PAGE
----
Parachuting, an amazing experience | Sunday Observer

Parachuting, an amazing experience

26 June, 2022

By definition parachuting is the jump from an aircraft with a controlled vertical descent to earth by means of a canopy of cloth which increases air resistance and slows the body in motion

The Bard said that his soul was in the sky. An inspiring but now unapproachable so-called boon companion of mine who had a series of classy parachute jumps over the last couple of weeks, as I assume may be engulfed with a wave of unnerving thoughts, breathless as well as intoxicating elevations which may even rise above exhilaration, since just a single parachute jump may transform the panorama of the life of the parachutist.

I often believe that my unapproachable buddy whose potential in his selected field of work and pastime is of paramount significance; he may probably see the frost forms on the window as he flies away. He keeps on looking through the crystals to clouds while imagining himself falling through the frigid air.

This incredibly practicable and orthodoxly capable man who is my dear and near, but another’s bread and butter may feel that the wind is his accomplice as much as his parachute is. He would feel that the raindrops stand all alone. Then he would escape the clouds as much as a skydiving soldier on a mission whose face is decorated with a proud and brave smile; he stands all alone in his descent.

His favourite field of parachuting and my favourite field of imagination is simply a jump - by definition parachuting is the jump from an aircraft with a controlled vertical descent to earth by means of a canopy of cloth which increases air resistance and slows the body in motion.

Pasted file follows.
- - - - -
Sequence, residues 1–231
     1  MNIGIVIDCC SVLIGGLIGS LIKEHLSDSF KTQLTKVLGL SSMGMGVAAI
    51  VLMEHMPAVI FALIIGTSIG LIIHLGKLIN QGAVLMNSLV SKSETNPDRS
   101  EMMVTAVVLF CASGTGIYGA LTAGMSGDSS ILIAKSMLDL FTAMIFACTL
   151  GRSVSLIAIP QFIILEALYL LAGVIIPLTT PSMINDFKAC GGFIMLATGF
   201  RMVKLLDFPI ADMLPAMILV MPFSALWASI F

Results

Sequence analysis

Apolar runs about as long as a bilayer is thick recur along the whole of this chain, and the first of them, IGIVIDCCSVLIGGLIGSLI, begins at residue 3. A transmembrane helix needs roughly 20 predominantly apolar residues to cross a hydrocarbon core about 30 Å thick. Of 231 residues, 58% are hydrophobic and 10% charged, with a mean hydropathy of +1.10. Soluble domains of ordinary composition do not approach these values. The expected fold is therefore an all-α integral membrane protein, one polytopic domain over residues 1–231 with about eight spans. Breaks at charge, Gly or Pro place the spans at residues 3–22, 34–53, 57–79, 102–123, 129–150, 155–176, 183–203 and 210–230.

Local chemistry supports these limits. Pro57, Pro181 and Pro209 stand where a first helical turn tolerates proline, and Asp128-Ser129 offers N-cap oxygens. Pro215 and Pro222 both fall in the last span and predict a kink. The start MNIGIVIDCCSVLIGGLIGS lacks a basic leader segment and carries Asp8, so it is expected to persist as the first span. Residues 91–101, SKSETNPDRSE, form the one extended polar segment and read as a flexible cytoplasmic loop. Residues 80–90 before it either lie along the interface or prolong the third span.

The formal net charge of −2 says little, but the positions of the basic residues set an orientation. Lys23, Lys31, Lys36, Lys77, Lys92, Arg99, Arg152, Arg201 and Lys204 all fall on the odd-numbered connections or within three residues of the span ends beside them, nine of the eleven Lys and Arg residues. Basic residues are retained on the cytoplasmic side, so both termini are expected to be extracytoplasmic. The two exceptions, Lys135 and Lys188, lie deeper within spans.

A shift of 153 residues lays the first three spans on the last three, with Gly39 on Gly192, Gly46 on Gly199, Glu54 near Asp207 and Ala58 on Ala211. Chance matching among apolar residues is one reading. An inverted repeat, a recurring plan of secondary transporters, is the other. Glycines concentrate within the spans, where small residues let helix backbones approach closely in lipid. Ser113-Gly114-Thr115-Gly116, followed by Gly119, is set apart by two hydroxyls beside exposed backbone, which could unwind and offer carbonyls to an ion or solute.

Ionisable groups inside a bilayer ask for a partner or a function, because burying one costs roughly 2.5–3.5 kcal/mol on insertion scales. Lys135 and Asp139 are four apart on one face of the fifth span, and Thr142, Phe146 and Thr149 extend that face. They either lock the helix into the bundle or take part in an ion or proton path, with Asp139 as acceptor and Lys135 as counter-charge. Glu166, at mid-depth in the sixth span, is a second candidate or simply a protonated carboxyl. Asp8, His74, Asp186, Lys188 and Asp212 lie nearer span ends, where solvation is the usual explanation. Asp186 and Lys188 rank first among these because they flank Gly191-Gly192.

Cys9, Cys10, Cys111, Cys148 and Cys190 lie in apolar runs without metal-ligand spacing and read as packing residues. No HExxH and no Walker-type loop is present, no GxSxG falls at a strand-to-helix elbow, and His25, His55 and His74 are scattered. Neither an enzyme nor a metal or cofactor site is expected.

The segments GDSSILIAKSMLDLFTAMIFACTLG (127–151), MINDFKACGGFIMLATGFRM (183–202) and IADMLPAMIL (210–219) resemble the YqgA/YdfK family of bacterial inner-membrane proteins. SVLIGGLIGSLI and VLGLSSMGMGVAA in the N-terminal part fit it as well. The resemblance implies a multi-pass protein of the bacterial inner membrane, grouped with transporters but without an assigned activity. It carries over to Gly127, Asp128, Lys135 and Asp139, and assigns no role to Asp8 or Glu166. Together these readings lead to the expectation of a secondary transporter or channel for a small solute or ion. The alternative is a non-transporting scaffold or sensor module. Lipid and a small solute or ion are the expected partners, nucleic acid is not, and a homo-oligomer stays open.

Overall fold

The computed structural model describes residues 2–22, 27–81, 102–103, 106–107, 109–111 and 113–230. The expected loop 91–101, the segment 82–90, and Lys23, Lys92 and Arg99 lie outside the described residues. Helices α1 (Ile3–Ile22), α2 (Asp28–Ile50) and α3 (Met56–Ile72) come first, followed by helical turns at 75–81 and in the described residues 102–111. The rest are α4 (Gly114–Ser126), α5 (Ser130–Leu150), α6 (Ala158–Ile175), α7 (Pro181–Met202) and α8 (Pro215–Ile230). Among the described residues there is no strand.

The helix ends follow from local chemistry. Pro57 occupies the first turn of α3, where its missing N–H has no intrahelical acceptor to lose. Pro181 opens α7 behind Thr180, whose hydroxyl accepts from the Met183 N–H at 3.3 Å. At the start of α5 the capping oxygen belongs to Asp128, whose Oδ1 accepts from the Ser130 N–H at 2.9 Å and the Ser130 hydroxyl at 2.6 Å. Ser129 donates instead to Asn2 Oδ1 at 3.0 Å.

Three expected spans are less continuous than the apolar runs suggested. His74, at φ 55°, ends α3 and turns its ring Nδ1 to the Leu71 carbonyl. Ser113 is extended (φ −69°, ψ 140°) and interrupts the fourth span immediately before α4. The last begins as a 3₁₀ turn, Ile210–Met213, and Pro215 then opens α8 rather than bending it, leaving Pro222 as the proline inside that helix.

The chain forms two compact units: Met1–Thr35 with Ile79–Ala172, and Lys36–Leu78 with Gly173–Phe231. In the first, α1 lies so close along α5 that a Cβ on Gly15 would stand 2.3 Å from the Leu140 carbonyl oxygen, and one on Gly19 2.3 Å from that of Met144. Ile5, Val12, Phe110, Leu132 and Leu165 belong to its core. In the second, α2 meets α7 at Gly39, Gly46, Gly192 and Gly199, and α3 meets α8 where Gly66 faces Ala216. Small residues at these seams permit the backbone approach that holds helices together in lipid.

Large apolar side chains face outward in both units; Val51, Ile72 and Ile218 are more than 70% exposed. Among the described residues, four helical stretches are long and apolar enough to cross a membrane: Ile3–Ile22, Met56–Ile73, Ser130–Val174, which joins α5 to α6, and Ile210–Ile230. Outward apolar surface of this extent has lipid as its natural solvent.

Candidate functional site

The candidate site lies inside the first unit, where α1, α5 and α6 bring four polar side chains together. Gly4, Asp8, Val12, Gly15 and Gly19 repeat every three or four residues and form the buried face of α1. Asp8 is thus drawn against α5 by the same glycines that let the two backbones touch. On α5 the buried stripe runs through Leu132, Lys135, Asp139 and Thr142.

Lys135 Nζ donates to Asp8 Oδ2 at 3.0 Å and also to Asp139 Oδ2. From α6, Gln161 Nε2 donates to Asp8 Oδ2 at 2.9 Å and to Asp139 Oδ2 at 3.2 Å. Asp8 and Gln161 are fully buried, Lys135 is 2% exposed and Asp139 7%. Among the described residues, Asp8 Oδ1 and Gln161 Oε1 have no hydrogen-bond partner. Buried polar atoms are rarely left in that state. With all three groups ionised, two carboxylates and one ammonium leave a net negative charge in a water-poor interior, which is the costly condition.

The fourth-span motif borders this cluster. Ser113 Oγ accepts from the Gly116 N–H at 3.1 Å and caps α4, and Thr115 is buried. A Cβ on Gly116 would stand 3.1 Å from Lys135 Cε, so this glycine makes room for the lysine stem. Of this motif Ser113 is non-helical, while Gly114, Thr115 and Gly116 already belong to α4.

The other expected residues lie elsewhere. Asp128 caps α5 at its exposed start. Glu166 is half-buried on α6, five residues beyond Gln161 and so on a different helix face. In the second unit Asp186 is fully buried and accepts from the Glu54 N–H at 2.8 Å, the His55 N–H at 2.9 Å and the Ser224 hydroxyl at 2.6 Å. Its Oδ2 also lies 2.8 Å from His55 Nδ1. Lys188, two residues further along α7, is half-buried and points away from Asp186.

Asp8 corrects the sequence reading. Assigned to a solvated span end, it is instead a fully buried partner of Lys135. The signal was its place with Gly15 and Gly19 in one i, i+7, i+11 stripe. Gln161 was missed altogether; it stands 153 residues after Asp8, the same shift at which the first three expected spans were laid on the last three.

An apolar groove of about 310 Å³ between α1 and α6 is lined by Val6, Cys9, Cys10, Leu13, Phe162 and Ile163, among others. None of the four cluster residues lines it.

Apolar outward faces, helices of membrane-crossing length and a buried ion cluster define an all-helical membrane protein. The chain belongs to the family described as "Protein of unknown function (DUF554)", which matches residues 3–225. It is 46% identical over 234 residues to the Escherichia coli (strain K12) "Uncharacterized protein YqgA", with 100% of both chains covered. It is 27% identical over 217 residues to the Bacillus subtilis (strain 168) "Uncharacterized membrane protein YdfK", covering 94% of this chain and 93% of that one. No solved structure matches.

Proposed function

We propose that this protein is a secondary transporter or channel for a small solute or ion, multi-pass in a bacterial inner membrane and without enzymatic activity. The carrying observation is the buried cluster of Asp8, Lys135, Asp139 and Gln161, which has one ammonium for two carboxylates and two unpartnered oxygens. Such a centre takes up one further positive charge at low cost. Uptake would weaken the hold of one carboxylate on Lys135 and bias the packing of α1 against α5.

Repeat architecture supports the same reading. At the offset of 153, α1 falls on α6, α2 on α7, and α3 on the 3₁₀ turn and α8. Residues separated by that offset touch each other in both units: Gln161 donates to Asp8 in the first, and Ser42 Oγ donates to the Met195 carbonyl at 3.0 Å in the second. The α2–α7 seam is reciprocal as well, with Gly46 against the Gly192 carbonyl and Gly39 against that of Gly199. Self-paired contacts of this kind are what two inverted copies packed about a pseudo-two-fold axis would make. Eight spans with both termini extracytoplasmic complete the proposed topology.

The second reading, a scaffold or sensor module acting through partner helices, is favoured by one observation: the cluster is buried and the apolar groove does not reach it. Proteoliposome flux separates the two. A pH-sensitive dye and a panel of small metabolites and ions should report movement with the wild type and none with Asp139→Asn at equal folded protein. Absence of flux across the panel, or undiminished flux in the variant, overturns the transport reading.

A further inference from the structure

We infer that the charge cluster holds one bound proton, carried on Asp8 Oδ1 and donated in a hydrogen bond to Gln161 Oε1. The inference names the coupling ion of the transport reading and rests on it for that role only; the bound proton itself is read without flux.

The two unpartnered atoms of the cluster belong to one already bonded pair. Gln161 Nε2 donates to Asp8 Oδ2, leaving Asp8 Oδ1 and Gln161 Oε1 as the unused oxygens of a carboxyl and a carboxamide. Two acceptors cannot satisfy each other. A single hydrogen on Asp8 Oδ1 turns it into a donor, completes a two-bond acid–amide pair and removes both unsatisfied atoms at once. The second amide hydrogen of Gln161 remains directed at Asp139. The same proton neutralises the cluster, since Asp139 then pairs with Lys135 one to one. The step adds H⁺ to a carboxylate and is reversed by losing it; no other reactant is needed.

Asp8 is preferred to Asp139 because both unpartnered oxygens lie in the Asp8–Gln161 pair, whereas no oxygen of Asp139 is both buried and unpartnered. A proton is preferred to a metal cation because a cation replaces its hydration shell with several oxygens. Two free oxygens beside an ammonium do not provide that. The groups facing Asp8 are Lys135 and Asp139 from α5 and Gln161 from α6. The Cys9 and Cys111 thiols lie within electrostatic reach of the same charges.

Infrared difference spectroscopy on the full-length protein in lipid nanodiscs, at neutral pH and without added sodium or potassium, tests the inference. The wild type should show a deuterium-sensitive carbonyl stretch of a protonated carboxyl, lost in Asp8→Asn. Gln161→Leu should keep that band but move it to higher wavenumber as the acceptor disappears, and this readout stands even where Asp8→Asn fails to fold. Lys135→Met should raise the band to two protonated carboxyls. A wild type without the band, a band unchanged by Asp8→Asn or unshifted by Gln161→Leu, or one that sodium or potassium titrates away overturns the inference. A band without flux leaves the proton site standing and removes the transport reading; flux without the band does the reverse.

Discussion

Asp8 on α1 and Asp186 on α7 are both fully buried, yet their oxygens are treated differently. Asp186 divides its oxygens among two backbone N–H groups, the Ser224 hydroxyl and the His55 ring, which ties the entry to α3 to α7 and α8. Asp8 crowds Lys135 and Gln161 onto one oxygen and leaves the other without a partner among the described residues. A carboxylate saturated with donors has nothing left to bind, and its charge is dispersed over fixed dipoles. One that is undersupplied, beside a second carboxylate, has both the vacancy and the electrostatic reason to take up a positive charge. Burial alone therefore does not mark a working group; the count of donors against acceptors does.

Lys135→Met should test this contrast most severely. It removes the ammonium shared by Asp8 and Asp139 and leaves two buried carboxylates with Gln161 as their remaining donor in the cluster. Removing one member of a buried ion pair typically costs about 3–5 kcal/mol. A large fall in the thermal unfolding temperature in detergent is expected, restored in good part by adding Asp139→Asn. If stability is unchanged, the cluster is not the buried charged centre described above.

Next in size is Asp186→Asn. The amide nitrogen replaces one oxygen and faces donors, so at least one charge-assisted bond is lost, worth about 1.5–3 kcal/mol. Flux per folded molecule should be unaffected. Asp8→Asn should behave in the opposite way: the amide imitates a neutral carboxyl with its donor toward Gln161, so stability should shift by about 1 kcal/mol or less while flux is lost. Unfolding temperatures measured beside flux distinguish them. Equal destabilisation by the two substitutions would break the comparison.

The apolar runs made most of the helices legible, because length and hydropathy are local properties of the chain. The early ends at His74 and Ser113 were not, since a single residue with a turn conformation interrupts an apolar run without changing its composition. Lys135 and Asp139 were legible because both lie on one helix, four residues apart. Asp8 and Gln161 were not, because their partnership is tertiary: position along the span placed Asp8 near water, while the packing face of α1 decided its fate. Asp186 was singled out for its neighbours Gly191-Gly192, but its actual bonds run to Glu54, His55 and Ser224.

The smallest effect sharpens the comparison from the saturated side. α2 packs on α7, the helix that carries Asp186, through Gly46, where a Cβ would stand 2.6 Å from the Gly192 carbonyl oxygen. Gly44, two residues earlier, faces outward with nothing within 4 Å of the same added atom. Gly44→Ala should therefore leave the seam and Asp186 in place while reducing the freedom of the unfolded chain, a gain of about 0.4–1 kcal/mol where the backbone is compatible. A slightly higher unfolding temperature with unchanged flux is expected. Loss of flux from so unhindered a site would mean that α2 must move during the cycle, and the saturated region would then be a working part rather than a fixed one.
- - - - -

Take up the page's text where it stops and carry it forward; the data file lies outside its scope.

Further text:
World War II

I often wish that I could tell my parachutist friend that English linguistics should be thanked to have included the word “Parachute” in the Oxford dictionary, the word is said to be composed of the French word “Chute” that gives the meaning of “To Fall” whereas the Latin prefix “Para” that has the meaning of “To defend or to shield”.

It is also reported that the parachute came into the limelight during the Second World War, as it was largely available in military applications, following the introduction of aeroplanes. It is also rather interesting to note that since its very first appearance, parachute training has been a popular task undertaken and endowed by military establishments.

According to David Bergman of Stockholm University, military parachute training is given for two primary reasons: the first is done as a method of inserting troops behind enemy lines while the second being a method for the personal development of future officers.

No hyperbole remains in declaring the fact that jumping from an aircraft is absolutely an intense experience for any individual. It is frequently described as one of the most exhilarating and frightening experiences in their lives.

“Despite the logical knowledge that a parachute will slow their descent, jumping from above survivable altitude defies the human survival instinct,” David Bergman remarked. Parachuting is an exciting experience: it is also accompanied by rigorous safety protocols.

As per some researchers, the sense of fear felt within the encounter is as realistic as possible. Further, they added that it is involved with a real danger but still within the ethical limits.

As Dominic Utton, a London-based novelist said, parachuting has the ability of providing a distinct and unique combination of adrenalin-filled exhilaration and perfectly calm tranquillity. I infer that the parachutist living within my buddy may have experienced that his life rose to a considerably higher level, to a sort of exhilarating calmness, following his decision to feel the experience of a parachute jump.